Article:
Should Your Child See a Doctor?

Earache

Definition

  • Pain or discomfort in or around the ear
  • Child reports an earache
  • Younger child acts like he did with previous ear infection (e.g., crying or fussy)

Cause  

  • Usually due to an ear infection
  • Ear infections can be caused by viruses or bacteria. Usually, your child's doctor can tell the difference by looking at the eardrum.
  • Ear infections peak at age 6 months to 2 years
  • The onset of ear infections peaks on day 3 of a cold

Return to School  

  • An earache or ear infection is not contagious. No need to miss any school or child care.

When to Call Your Doctor for Earache

Call 911 If…

 
  • Your child is not moving or too weak to stand
 

Call Your Doctor Now (night or day) If

 
  • Your child looks or acts very sick
  • Earache is severe and not improved 2 hours after taking ibuprofen
  • Pink or red swelling behind the ear
  • Stiff neck (can't touch chin to chest)
  • Pointed object was inserted into the ear canal (e.g., a pencil, stick or wire)
  • Weak immune system (sickle cell disease, HIV, chemotherapy, organ transplant, chronic steroids, etc.)
  • Fever over 104° F (40° C) and not improved 2 hours after fever medicine
 

Call Your Doctor Within 24 Hours (between 9 am and 4 pm) If

  • Earache, but none of the symptoms described above (Reason: possible ear infection)
  • Pus or cloudy discharge from ear canal
 

Home Care Advice for Suspected Ear Infection (until your child can be seen)

  1. Reassurance:
    • Your child may have an ear infection. The only way to be sure is to examine the eardrum.
    • Diagnosis and treatment can safely wait until morning if the earache begins after your child's doctor's office is closed.
    • Ear pain can be controlled with pain medicine and eardrops.
     
  2. Pain Medicine: Give acetaminophen (e.g., Tylenol) or ibuprofen for pain relief or for fever above 102° F (39° C).
  3. Local Cold: Apply a cold pack or a cold wet wash cloth to the outer ear for 20 minutes to reduce pain while the pain medicine takes effect. (Note: Some children prefer local heat for 20 minutes.)
  4. Ear Drainage: If pus or cloudy fluid is draining from the ear canal, the eardrum has ruptured from an ear infection. Wipe the pus away as it appears. Avoid plugging with cotton (Reason: Retained pus causes irritation or infection of the ear canal).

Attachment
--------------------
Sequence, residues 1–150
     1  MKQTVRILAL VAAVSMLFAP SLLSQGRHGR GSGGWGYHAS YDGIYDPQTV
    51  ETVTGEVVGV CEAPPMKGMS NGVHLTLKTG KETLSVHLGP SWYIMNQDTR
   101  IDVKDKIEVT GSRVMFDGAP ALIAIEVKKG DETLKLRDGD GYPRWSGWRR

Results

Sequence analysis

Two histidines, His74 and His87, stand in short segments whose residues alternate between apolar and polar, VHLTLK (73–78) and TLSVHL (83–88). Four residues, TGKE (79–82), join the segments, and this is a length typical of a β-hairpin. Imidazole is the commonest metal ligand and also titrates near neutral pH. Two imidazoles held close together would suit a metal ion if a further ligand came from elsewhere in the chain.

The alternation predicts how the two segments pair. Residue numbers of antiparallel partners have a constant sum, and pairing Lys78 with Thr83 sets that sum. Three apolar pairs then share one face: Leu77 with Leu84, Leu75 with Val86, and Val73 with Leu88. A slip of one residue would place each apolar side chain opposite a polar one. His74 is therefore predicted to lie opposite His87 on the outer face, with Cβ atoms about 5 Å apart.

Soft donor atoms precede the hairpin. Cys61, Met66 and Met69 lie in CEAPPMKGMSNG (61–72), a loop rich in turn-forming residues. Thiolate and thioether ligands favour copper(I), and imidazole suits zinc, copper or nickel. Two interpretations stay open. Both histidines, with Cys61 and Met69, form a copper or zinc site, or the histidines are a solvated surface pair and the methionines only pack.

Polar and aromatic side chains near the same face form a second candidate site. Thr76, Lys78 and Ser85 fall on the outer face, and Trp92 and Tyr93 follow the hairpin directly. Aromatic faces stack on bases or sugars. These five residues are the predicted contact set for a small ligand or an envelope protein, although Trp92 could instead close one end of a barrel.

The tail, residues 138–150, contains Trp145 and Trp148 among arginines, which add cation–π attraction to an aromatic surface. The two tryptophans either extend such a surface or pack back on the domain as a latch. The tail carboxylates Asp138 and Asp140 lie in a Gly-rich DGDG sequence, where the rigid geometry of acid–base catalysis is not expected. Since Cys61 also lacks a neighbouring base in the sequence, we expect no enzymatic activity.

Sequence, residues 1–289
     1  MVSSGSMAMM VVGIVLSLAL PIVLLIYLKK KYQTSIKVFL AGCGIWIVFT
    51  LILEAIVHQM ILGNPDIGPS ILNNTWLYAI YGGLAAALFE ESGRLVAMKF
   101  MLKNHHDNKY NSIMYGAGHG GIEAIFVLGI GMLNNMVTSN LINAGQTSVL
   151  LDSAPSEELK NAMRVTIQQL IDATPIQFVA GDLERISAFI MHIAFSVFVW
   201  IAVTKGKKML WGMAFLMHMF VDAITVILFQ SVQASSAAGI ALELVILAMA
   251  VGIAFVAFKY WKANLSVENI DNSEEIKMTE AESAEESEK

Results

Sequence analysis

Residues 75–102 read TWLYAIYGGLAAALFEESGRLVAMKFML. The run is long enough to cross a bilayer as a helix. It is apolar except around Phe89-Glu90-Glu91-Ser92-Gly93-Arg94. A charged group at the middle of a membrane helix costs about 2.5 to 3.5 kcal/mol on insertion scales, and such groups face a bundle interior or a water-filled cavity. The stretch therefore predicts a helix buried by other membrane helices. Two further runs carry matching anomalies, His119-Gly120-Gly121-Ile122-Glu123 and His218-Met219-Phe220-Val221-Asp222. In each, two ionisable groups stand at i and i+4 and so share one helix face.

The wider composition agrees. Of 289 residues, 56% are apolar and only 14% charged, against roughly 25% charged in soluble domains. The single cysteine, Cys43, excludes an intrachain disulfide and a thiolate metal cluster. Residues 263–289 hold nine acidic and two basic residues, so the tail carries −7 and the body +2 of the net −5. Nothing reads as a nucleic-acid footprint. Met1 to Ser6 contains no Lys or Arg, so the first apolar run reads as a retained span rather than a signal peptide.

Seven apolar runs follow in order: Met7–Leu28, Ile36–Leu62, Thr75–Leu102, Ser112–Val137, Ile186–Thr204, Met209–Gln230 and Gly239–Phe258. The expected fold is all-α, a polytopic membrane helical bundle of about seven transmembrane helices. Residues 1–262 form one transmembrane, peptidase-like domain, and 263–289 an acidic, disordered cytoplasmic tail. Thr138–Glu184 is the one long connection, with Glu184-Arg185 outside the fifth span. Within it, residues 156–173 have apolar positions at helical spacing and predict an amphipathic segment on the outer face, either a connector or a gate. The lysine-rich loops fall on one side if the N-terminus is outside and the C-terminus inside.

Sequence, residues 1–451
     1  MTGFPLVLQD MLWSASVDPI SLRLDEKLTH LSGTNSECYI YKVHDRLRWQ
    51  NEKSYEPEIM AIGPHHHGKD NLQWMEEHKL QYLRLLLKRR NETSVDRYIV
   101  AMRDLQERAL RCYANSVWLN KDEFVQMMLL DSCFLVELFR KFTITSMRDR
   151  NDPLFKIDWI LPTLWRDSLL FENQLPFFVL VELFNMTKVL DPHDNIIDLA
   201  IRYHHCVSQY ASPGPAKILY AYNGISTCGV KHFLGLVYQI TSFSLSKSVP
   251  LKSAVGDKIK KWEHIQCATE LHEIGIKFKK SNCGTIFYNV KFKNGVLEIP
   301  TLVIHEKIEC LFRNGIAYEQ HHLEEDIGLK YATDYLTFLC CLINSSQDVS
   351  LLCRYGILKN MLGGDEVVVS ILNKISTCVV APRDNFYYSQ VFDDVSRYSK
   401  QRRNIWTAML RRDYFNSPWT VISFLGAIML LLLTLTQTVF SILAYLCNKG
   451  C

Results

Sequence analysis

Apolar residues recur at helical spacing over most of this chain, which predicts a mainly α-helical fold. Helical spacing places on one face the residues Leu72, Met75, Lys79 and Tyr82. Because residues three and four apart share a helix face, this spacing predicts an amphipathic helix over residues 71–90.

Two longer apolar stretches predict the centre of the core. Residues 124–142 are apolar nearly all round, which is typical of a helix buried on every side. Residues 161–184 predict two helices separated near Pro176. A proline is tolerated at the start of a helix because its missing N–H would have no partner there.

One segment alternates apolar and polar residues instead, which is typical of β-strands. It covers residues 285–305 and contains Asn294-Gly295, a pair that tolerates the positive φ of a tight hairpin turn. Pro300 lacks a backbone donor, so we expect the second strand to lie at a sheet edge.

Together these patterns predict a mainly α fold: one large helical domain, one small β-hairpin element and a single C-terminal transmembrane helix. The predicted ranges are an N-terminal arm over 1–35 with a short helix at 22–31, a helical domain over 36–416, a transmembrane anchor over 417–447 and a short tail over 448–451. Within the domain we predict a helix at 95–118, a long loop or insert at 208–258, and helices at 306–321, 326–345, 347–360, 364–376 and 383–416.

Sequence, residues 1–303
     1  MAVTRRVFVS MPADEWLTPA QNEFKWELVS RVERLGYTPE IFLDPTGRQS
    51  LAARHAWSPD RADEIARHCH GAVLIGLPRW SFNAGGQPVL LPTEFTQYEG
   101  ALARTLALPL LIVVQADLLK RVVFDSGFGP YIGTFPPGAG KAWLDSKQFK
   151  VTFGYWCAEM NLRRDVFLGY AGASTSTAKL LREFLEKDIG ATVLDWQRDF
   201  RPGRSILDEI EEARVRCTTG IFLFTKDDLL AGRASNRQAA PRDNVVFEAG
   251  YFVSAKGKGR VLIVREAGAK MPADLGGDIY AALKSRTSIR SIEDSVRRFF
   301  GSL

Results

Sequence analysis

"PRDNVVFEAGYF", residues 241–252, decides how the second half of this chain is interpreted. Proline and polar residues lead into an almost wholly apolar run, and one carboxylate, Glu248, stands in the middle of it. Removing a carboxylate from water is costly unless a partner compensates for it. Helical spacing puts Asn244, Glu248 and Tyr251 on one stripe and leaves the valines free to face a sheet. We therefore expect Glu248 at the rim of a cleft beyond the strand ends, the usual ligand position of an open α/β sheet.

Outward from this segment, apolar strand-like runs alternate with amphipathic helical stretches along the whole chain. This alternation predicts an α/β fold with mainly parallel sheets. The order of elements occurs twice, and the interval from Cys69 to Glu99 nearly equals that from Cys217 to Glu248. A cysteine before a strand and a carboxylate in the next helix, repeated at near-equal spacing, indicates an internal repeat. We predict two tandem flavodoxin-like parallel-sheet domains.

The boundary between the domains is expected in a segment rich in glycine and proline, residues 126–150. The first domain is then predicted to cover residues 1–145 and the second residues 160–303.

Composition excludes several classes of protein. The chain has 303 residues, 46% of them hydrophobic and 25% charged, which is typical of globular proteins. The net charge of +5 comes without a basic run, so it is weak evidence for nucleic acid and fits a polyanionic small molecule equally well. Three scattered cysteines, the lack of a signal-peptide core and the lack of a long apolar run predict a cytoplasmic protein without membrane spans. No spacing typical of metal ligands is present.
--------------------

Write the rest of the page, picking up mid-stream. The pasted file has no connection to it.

5. Eardrops: 3 drops of olive oil (or prescription eardrops) will usually relieve pain not helped by pain medicine. If your child has ear tubes or a hole in the eardrum, don't use them.
  6. Contagiousness: Ear infections are not contagious.
  7. Call Your Doctor If:
    • Your child develops severe pain
    • Your child becomes worse
     

And remember, contact your doctor if your child develops any of the "When to Call Your Doctor" symptoms.

References

  1. American Academy of Pediatrics Subcommittee on Management of Acute Otitis Media. Clinical Practice Guideline: Diagnosis and management of acute otitis media. Pediatrics. 2004;113(5):1451-1462.
  2. Bolt P, et al. Topical lidocaine eardrops reduce pain in AOM. Arch Dis Child. 2008;93:40-44.
  3. Canto RM. Otitis externa and otitis media: A new look at old problems. Emerg Med Clin North Am. 1995;13:445-455.
  4. Hoberman A, et al. Efficacy of Auralgan for treating ear pain in children with acute otitis media. Arch Pediatr Adolesc Med. 1997;151:675-678.
  5. Licameli GR. Diagnosis and management of otalgia in the pediatric patient. Pediatr Ann. 1999;28(6):364-368.
  6. Maxson S and Yamauchi T. Acute otitis media. Pediatr Rev. 1996;17:191-195.
  7. McWilliams DB, Jacobson RM, Van Houten HK. A program of anticipatory guidance for the prevention of emergency department visits for ear pain. Arch Pediatr Adolesc Med. 2008;162(2):151-156.
  8. Pirozzo S, Del Mar C. Otitis media. In: Moyer V, Davis RL, Elliott E, et al, eds. Evidence Based Pediatrics and Child Health. London, England: BMJ Publishing Group; 2000. p. 238-247

Disclaimer

This information is not intended be a substitute for professional medical advice. It is provided for educational purposes only. You assume full responsibility for how you choose to use this information.

Author and Senior Reviewer: Barton D. Schmitt, M.D.

Last Reviewed: 8/1/2010

Last Revised: 10/1/2010 1:52:18 PM

Copyright 1994-2011 Barton D. Schmitt, M.D.